Connecting the Aid Flows — making sense of the IATI data

Walkthrough by Mark Brough, Publish What You Fund, and Rufus Pollock, Open Knowledge Foundation.

The International Aid Transparency Initiative is a political agreement by the world’s major donors – including international banks, private foundations and NGOs – on a common way to publish aid information. It also defines a technical standard for exactly how that information should be published, IATI-XML.

So far, 29 donors representing 74% of Official Development Finance (ODF) have committed to publishing to IATI. A further 13 donors representing 45% of ODF have already published, and 12 NGOs and foundations have published their own data.

This page details how we converted each donor’s data, using simple scripts and open source tools, from raw XML data in the IATI Registry into a consolidated dataset and then, via loading into OpenSpending to visualisations like those shown above and an easy-to-use RESTful API.


The IATI Registry and pulling data together

Data publishers convert their data to the IATI format, publish it on their websites, and then register it with the IATI Registry, which runs on the CKAN data portal software.

This decentralised structure of open data feeds, rather than a centralised database, is an important part of IATI. It creates flexibility to allow data providers to publish data in a format that makes sense for their business model, provide live feeds coming straight out of their system, and continuously update and improve the data, in terms of the coverage, proportion of fields used, and quality of the data entered within those fields.

It also means that many applications can easily take the data – because it is publicly accessible, openly licensed, and in a standard, comparable format – and create interesting tools and visualisations.

However, this decentralised structure also creates challenges for people who want to use the data: quite a lot of technical knowledge is required to convert IATI-XML data into a format that is suitable for analysis. The data has to be downloaded from a range of websites, and then parsed to extract the information from XML files, into a format more suited for analytical purposes – e.g. to aggregate and analyze project funding. This is why it makes sense to place it in (for example) a relational database, a spreadsheet or another format for presenting the data.

So far, 29 donors representing 74% of Official Development Finance (ODF) have committed to publishing to IATI. A further 13 donors representing 45% of ODF have already published, and 12 NGOs and foundations have published their own data.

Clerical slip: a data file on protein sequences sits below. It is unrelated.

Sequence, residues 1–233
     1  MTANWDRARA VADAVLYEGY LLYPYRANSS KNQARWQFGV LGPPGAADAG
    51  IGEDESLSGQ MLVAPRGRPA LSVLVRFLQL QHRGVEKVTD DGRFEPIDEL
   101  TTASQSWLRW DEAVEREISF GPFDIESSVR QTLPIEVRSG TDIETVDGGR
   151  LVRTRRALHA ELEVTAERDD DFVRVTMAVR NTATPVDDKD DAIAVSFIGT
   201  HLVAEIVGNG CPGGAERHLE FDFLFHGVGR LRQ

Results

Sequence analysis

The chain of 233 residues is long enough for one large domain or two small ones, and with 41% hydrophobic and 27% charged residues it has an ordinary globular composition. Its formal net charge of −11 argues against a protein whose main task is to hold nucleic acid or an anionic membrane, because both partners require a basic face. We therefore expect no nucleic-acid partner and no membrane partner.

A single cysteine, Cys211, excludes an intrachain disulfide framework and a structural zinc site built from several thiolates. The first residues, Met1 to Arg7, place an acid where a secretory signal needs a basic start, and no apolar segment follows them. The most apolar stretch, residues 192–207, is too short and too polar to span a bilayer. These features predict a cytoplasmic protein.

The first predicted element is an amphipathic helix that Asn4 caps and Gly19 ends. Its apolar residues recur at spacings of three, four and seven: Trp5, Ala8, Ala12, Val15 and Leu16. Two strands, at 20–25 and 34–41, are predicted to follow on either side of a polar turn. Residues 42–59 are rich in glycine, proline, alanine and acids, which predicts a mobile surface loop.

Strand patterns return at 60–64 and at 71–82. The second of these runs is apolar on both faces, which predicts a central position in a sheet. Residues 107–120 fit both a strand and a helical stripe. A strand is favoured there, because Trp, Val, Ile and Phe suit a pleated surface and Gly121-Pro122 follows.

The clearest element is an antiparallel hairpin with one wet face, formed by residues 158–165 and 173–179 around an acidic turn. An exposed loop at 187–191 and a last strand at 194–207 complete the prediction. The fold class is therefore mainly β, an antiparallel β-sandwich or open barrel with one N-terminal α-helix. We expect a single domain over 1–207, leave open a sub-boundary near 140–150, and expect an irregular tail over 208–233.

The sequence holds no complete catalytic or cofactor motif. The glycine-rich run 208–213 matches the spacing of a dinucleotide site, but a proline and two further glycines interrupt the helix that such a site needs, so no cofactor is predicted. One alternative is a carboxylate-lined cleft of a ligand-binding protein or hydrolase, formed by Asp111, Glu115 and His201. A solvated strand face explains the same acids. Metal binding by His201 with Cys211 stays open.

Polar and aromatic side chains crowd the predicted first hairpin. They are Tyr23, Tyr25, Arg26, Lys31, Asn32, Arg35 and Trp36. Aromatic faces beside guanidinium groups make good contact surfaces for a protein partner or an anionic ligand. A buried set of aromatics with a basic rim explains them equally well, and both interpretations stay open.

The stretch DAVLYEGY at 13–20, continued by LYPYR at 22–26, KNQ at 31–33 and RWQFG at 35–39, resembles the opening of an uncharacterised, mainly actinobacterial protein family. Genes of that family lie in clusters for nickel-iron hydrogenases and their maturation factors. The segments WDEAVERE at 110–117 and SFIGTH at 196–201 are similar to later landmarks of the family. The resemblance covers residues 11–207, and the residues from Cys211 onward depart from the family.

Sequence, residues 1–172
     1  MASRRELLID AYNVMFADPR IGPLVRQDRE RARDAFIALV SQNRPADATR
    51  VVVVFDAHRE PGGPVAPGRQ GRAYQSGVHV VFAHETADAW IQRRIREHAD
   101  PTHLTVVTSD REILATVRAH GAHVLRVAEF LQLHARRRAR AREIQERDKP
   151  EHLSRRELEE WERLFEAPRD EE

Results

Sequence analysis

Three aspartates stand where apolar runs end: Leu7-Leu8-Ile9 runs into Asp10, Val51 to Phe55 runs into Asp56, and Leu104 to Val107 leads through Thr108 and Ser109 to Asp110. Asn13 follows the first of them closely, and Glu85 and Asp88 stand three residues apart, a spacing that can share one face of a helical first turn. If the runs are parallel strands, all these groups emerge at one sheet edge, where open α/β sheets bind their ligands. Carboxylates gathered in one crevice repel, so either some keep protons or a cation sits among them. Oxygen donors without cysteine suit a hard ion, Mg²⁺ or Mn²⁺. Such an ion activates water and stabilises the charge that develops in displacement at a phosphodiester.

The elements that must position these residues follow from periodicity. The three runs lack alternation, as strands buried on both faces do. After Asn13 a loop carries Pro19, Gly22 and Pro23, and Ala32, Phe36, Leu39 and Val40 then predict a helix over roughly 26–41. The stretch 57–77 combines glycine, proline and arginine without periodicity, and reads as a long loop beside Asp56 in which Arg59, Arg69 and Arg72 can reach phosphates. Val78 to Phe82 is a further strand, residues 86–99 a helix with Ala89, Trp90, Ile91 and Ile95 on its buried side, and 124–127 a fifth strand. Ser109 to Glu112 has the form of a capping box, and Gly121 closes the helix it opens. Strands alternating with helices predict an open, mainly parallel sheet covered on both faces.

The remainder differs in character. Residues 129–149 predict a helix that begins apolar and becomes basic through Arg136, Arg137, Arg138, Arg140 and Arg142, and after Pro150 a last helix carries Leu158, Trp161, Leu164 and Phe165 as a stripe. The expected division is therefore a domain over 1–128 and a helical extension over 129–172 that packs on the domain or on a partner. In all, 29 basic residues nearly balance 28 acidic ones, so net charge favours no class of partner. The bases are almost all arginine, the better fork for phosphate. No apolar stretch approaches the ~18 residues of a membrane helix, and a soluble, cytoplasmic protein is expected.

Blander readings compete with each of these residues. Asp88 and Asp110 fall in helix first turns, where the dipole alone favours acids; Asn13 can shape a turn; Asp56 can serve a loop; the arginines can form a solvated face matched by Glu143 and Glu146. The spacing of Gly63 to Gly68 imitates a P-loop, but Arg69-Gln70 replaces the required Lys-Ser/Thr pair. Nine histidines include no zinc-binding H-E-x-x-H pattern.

Consolidating the data into a simple format

So a first step we took was to consolidate the IATI data into a simple CSV-based format:

  1. Get data files from the IATI Registry. Fortunately, the first part of the process is made easier because the IATI Registry uses the CKAN API. This allows easy access to download the entire corpus of data.

  2. Convert into an SQLite database. IATI data contains detailed lists of activities (projects or programmes) that contain many transactions (incoming or outgoing financial flows). Activities are classified in various ways, with multiple recipient countries and sectors. Activities can also be hierarchically related to each other (a project can be part of a bigger programme). A database structure is therefore a good first step to ensure that these relationships are maintained, and that the data is accurately represented.

At this point we have a nice complete version of the IATI data in an SQLite file.


Loading into OpenSpending

A large aspect of IATI is about money – which projects are being funded, where, and transactions from one organisation (the funder) to another (the implementer). So a natural next step was to get this data into OpenSpending, which requires data in a simple CSV-based structure. So next:

  1. scripts create a file in the OpenSpending CSV format by breaking each transaction in each activity into sectoral sub-components

  2. the value of each transaction is then prorated to the proportion of the activity that is assigned to each sector (again, activities can be assigned to several sectors)

Aside: This means that when the data is aggregated by sector, the aggregate values should be accurate. However, it also means that artificial transactions are created in order to make this representation possible. A sensible way to deal with this would be to create a view of the data that shows only activities, or only “real” transactions, rather than the mini-transactions necessarily created through this process.

With that done we now have a 600Mb CSV file of IATI transactions which we uploaded as part of the IATI dataset on the DataHub.

Finally, we can use the OpenSpending import process and its model editor to import the data and provide relevant information such as the types and roles of the various columns.


API Access

As well as the user-friendly interface, you can query OpenSpending via an API. This allows you to pull out data for use in other applications.

For example, you can see the biggest implementing organisations of education projects in Uganda in 2011:

http://openspending.org/api/2/aggregate
    ?dataset=iati
    &cut=time.year:2011
        |recipient_country.name:ug
        |sector.name:11220
        |transaction_type.name:d
    &drilldown=to

Or the biggest recipient countries in 2011 for HIV/AIDS projects:

http://openspending.org/api/2/aggregate
    ?dataset=iati
    &cut=time.year:2011
        |sector.name:13040
        |transaction_type.name:d
    &drilldown=recipient_country

Or the largest funders of projects that have been reported so far in 2012:

http://openspending.org/api/2/aggregate
    ?dataset=iati
    &cut=time.year:2012
        |transaction_type.name:d
    &drilldown=from

This allows you to visualise the data very easily using something like the Bubbletree, seen here.

Comments are closed.